I’m curious if you disagree with this. Or . . . curious to hear your thoughts since you are so much more familiar with Photography and its history than I am.
T.F.: I think your take on this is mostly right but a bit too categorical.
It is possible to manipulate, artify, images of, well, anything, poverty included, in a way that is true (whatever that means) to the subject. Just as it is possible to take banal photos of poverty that don’t really approach the subject at all.
In the end it comes down to the intent and talent of the person making the images. I believe intent and talent can actually be seen in the results . . . if one cares to look.
And therein lies the problem . . . most people (as you know) don’t care to look, they just want their biases confirmed and, thus, to be entertained.
Take, for instance, Sebastiao Salgado, I really dislike his Wagnerian, melodramatic, biblical really, photographs, and Bruce Gilden, who I kind of like for the brutality of his approach. For me Salgado is just lies filtered through Romanticism, while Gilden’s work seems to be more reality-based.
So it’s complicated. I try to judge each body of work on its own merits.
C.A.:I agree there is no set rule. I also fully agree on Salgado, who I was partly thinking of when I wrote what I wrote. I am not sure about Gilden. I really dislike his work because I think he is mocking his subjects, and I hate how he surprises them at times — I think with bad intent.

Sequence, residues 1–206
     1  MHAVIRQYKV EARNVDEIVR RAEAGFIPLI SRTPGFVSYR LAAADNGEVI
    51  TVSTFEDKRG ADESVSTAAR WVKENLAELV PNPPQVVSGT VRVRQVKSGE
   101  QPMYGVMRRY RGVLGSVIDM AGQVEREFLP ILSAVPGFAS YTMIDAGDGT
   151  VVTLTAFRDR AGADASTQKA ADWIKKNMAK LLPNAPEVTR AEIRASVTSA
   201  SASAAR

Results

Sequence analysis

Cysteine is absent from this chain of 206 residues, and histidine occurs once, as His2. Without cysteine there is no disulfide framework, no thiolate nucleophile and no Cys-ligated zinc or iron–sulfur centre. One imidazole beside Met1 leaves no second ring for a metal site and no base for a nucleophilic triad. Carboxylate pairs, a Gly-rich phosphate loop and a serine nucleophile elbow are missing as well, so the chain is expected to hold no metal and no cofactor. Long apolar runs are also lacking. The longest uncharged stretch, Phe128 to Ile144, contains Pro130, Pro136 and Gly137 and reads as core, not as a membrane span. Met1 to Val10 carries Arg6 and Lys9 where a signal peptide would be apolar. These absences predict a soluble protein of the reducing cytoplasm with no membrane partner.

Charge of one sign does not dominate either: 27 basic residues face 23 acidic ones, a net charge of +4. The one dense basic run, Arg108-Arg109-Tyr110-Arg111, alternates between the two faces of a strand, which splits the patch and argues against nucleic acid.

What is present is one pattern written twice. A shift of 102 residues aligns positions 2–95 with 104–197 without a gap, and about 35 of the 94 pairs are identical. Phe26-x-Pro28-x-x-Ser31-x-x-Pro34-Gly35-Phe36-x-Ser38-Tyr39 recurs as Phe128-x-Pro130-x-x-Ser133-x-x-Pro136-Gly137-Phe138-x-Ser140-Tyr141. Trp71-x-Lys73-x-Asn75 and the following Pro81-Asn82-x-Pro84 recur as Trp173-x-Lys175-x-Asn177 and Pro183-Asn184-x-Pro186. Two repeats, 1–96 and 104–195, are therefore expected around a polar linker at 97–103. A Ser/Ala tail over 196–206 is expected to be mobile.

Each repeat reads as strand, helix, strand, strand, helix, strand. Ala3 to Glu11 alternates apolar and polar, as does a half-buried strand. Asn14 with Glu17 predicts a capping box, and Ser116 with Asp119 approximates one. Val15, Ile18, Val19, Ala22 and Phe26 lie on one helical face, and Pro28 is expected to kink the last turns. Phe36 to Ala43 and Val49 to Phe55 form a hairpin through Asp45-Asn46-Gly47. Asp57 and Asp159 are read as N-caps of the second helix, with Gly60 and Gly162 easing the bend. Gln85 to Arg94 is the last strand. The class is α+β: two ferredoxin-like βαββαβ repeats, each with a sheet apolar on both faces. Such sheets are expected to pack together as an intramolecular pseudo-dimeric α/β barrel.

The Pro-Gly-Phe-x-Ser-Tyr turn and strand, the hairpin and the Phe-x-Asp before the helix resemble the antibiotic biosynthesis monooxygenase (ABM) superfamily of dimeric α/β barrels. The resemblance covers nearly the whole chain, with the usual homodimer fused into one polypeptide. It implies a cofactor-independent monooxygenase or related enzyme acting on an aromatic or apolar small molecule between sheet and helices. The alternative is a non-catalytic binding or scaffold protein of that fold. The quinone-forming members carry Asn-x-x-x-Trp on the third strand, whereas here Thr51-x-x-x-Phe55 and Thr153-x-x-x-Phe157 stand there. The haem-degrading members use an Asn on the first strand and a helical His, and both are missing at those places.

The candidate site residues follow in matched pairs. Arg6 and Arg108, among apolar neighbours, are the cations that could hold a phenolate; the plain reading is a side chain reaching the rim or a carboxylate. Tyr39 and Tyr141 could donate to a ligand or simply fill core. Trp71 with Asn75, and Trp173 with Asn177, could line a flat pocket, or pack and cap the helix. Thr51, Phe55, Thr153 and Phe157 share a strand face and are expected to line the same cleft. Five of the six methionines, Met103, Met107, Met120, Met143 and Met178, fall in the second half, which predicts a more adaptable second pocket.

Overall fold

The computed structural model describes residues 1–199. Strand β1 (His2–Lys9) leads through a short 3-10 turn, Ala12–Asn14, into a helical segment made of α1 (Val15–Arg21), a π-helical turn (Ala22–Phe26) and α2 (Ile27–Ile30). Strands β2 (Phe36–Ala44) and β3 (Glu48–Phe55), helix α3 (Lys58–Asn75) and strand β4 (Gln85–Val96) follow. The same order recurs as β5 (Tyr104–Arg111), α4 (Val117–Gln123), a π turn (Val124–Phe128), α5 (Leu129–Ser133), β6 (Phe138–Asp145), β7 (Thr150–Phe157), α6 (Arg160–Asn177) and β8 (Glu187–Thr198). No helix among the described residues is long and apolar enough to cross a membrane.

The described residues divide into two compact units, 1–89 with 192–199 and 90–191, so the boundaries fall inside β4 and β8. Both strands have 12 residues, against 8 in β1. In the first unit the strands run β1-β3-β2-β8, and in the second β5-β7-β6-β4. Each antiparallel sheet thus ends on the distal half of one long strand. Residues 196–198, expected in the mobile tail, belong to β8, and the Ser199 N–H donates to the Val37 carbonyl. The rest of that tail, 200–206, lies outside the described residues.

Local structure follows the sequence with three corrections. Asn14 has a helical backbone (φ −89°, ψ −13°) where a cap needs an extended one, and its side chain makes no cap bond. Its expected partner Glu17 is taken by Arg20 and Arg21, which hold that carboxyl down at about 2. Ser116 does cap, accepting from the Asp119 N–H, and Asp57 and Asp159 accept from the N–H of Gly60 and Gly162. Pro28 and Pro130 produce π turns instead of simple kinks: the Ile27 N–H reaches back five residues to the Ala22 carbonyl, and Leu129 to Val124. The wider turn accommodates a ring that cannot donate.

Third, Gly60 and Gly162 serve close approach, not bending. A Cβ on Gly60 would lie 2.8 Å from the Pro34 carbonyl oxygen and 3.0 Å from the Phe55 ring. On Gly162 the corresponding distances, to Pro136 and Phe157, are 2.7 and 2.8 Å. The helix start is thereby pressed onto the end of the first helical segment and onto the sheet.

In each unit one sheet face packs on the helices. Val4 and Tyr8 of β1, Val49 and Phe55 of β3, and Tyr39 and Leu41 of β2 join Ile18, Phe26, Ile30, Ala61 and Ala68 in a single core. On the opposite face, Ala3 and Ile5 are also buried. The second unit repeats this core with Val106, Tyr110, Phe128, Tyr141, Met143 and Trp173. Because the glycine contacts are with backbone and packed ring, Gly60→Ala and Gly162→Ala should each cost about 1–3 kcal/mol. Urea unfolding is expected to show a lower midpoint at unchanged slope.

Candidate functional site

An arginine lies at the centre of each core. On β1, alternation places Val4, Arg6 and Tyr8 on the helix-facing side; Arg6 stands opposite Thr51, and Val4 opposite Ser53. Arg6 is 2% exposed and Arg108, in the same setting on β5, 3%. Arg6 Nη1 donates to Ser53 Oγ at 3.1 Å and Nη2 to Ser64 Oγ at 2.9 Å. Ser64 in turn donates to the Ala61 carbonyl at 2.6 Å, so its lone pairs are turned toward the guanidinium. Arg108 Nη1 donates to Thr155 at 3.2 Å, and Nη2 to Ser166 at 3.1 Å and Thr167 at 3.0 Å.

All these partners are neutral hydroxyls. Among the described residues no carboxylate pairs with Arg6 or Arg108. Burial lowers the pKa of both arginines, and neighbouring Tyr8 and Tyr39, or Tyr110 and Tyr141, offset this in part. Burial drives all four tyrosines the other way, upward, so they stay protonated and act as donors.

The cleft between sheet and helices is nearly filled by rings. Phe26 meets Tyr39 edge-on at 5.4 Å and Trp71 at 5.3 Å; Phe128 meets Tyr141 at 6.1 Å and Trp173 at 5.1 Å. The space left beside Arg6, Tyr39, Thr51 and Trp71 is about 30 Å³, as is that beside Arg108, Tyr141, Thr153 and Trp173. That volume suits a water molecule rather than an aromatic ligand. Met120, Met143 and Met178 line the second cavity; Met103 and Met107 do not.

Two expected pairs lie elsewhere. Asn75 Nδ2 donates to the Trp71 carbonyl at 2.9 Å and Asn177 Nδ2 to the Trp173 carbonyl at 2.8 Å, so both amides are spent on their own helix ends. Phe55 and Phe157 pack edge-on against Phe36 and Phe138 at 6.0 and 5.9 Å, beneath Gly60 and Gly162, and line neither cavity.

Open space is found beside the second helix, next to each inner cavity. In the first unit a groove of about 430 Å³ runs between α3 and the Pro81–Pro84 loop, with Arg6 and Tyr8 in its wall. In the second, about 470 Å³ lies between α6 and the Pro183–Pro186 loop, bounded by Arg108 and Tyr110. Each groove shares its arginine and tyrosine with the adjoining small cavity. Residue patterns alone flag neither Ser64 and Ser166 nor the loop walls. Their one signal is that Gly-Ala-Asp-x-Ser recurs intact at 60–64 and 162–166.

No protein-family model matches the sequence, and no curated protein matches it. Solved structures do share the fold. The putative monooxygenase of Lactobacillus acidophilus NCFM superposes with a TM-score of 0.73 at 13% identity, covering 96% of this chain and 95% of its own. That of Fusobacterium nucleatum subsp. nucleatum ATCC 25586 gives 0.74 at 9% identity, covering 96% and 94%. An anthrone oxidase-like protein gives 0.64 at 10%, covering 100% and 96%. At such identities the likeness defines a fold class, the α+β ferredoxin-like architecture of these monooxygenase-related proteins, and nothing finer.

I fully agree with this “Just as it is possible to take banal photos of poverty that don’t really approach the subject at all.”
I guess my approach is more literal than most — which is why I am not really a photographer in my heart — I come into a place, look around, think about it, hang, and then try to figure out what is the essence of that place. What did I learn from this. What do I want others to learn? And how can I communicate that essence, or what I learn, the best via words & photos.
Perhaps that would mean arsty-ing it up. Perhaps not. I don’t think Salgado or Gilden communicate the essence of a place or their subjects. Although by that measure, Gilden does indeed do a ‘Better” job.
T.F.: There’s more than one way, though, to show the essence of a place. For me Salgado’s images are way too melodramatic and idealized to be a “true” reflection of the recognizable world
And I don’t want to be an apologist for Gilden, because lord knows it’s so easy to see his images as just plain nasty. But for me there can be more to them than that.